Asexuality Awareness Week is an international campaign to promote awareness and educate communities about asexual and other aromantic experiences.
From Oct. 22 to Oct. 28, Asexuality Awareness Week can help people who are unaware of these sexualities to become educated, eliminate misunderstandings, and can help people who fall under these categories be reminded that they are not alone or forgotten. It was first founded by activist Sara Beth Brooks in 2010.
To give more information and to help students learn about how UConn gets involved, Beth Radcliff, a seventh-semester HDFS major, opened up about the importance of the week and what the Rainbow Center will be doing for it. Radcliff is one of the facilitators for Aces and Aros, a weekly discussion group through the Rainbow Center.
“Asexuality Awareness Week is to promote awareness of the asexual and aromantic community, as well as the entire spectrum, because it’s not just asexual and aromantic, there are many other smaller parts of the community… there’s a lot,” Radcliff said. “The awareness that this is even a community has been an issue… even probably 20 years ago there wasn’t very much information.”
The Rainbow Center is hosting an Asexuality Awareness Week event, called “Ace of Cakes” Friday at 3:15 pm. The event will be a mix of both fun and education.
“You can come, have fun, decorate cupcakes, play board games and videogames. There will also be a discussion about the asexual community, but it’s more of an event for everyone to come to and to learn more about the community,” Radcliff said.
Asexuality Awareness Week is for more than just those who identify under these categories, it’s for students and allies to come together to learn and celebrate.
“I would say come to the event, come have fun, you can specifically come to me or the other facilitators at the event and ask any questions you have,” Radcliff said.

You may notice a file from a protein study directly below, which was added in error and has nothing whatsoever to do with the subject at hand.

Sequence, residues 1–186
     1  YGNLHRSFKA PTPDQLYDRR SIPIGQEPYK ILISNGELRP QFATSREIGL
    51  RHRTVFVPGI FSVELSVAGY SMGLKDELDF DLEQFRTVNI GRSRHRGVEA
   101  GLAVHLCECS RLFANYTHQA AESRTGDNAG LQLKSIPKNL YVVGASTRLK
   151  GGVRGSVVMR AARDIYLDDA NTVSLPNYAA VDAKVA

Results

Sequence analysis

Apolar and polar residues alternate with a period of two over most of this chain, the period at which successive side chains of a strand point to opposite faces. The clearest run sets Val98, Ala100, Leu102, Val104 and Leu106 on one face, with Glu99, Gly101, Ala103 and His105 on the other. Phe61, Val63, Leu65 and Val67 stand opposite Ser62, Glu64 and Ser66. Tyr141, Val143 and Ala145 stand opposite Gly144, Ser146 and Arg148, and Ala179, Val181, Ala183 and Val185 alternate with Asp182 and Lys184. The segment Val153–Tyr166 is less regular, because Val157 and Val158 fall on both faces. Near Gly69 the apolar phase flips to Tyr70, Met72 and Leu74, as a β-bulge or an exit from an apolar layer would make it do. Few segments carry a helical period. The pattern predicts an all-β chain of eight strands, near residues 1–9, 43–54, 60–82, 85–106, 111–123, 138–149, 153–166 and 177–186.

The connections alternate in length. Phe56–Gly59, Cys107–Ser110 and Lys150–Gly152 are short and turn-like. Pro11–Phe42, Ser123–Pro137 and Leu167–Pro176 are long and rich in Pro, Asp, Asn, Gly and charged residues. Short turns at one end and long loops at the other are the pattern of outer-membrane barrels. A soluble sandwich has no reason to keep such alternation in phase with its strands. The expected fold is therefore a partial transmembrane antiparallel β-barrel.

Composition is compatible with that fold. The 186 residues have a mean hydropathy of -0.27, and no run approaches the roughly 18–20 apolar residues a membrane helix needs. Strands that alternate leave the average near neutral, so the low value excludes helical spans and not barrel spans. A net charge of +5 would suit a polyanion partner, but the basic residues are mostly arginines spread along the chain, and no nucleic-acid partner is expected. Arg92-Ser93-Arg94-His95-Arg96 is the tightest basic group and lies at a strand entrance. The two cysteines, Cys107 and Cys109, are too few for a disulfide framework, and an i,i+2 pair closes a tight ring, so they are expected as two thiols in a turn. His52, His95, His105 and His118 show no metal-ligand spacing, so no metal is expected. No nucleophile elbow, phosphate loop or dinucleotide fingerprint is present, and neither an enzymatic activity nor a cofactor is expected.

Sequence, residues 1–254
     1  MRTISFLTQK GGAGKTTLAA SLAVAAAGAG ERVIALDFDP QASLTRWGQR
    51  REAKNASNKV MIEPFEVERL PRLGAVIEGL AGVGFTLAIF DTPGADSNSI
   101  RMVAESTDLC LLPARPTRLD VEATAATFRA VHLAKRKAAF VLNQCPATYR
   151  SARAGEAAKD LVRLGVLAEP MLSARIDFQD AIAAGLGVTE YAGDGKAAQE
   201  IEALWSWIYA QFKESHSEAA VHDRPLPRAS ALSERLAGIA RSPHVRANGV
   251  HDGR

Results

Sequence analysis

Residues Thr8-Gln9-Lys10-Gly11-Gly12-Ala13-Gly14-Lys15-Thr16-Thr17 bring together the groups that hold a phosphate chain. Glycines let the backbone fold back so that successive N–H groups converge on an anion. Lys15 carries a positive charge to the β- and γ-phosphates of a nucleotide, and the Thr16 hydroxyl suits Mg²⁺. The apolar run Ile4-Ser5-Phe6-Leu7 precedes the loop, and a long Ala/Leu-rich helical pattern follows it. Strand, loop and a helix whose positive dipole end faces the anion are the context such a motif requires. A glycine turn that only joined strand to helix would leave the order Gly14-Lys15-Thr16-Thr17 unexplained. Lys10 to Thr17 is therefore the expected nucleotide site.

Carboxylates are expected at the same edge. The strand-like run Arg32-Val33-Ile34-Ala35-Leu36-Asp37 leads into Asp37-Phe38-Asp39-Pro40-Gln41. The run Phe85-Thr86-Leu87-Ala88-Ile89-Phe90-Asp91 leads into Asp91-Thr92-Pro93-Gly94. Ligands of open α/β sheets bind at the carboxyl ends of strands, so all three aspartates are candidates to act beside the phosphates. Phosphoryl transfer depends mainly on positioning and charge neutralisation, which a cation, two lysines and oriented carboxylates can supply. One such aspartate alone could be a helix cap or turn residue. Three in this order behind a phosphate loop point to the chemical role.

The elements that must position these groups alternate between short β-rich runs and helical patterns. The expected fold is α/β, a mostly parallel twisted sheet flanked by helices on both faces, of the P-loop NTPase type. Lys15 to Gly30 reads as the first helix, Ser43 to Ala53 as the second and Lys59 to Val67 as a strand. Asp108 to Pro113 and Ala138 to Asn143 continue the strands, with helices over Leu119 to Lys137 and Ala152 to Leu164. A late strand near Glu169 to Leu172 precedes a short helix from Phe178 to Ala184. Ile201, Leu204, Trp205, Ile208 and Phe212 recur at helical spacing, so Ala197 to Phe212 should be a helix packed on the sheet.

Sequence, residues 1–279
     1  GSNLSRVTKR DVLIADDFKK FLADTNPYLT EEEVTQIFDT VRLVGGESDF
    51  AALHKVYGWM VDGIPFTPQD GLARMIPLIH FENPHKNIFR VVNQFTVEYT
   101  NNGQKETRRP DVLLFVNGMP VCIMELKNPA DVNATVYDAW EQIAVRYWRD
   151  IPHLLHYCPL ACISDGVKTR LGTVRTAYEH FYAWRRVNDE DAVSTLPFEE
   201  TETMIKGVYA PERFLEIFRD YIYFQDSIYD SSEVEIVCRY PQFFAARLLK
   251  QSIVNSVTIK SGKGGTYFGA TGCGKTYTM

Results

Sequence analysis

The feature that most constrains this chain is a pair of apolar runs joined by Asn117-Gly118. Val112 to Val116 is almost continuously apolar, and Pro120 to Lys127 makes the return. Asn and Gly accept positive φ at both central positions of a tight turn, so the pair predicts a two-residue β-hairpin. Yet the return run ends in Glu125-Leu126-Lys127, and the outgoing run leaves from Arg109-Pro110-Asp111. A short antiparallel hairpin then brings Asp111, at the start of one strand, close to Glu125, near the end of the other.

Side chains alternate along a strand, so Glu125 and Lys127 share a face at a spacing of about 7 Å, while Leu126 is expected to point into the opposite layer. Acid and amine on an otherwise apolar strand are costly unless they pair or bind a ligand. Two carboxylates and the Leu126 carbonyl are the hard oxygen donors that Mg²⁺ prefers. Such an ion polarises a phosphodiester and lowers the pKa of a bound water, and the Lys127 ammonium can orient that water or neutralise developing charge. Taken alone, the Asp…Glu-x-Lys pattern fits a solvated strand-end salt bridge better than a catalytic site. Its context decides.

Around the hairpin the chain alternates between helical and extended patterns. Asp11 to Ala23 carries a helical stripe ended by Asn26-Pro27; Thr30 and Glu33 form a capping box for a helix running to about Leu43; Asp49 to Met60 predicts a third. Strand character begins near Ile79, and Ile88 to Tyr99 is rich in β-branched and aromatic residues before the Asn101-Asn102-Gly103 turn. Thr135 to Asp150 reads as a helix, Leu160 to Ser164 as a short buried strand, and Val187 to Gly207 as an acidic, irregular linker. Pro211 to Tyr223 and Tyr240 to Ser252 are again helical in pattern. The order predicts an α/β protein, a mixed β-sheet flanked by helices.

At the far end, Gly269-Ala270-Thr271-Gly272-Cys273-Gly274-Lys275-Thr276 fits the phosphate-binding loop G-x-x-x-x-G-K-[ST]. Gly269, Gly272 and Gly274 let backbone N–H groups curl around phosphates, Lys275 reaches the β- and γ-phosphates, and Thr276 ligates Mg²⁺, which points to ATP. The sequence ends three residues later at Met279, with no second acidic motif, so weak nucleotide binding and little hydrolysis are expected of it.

She explained that beyond the event, there are volunteer opportunities available through the Rainbow Center, which is currently trying to increase its outreach to the UConn community to have more participants in its events.
One of the most important takeaways of the week is to understand that awareness of the LGBTQ+ community and of sexualities in general must extend beyond a specific week. It’s something that needs to be year-round.
People can use this week to make themselves more aware, ask questions and get involved. But once the week is over this needs to continue, Radcliff said.
“Beyond this week, we need more discussion about sexuality. I’ve only had discussions about it here at the Rainbow Center or in class. Possibly because of the harsher light sexuality gets portrayed under, sometimes as a bad thing, sometimes it’s just hook-ups.” Radcliff said. Because of that type of discussion, we don’t get into what sexuality actually means: pleasure, to have children, whatever it’s for. And then, what does being asexual mean for a person.”
Radcliff said the discussion about sexuality in terms of those who are asexual needs to expand into a larger community.
“If sexuality is only to have a child, if it’s only for pleasure, what does that mean for people who aren’t interested? Do they miss out on these things? A larger discussion of this needs to be had beyond Asexuality Awareness Week.”
Melissa Scrivani is a campus correspondent for The Daily Campus. She can be reached via email at email@example.com.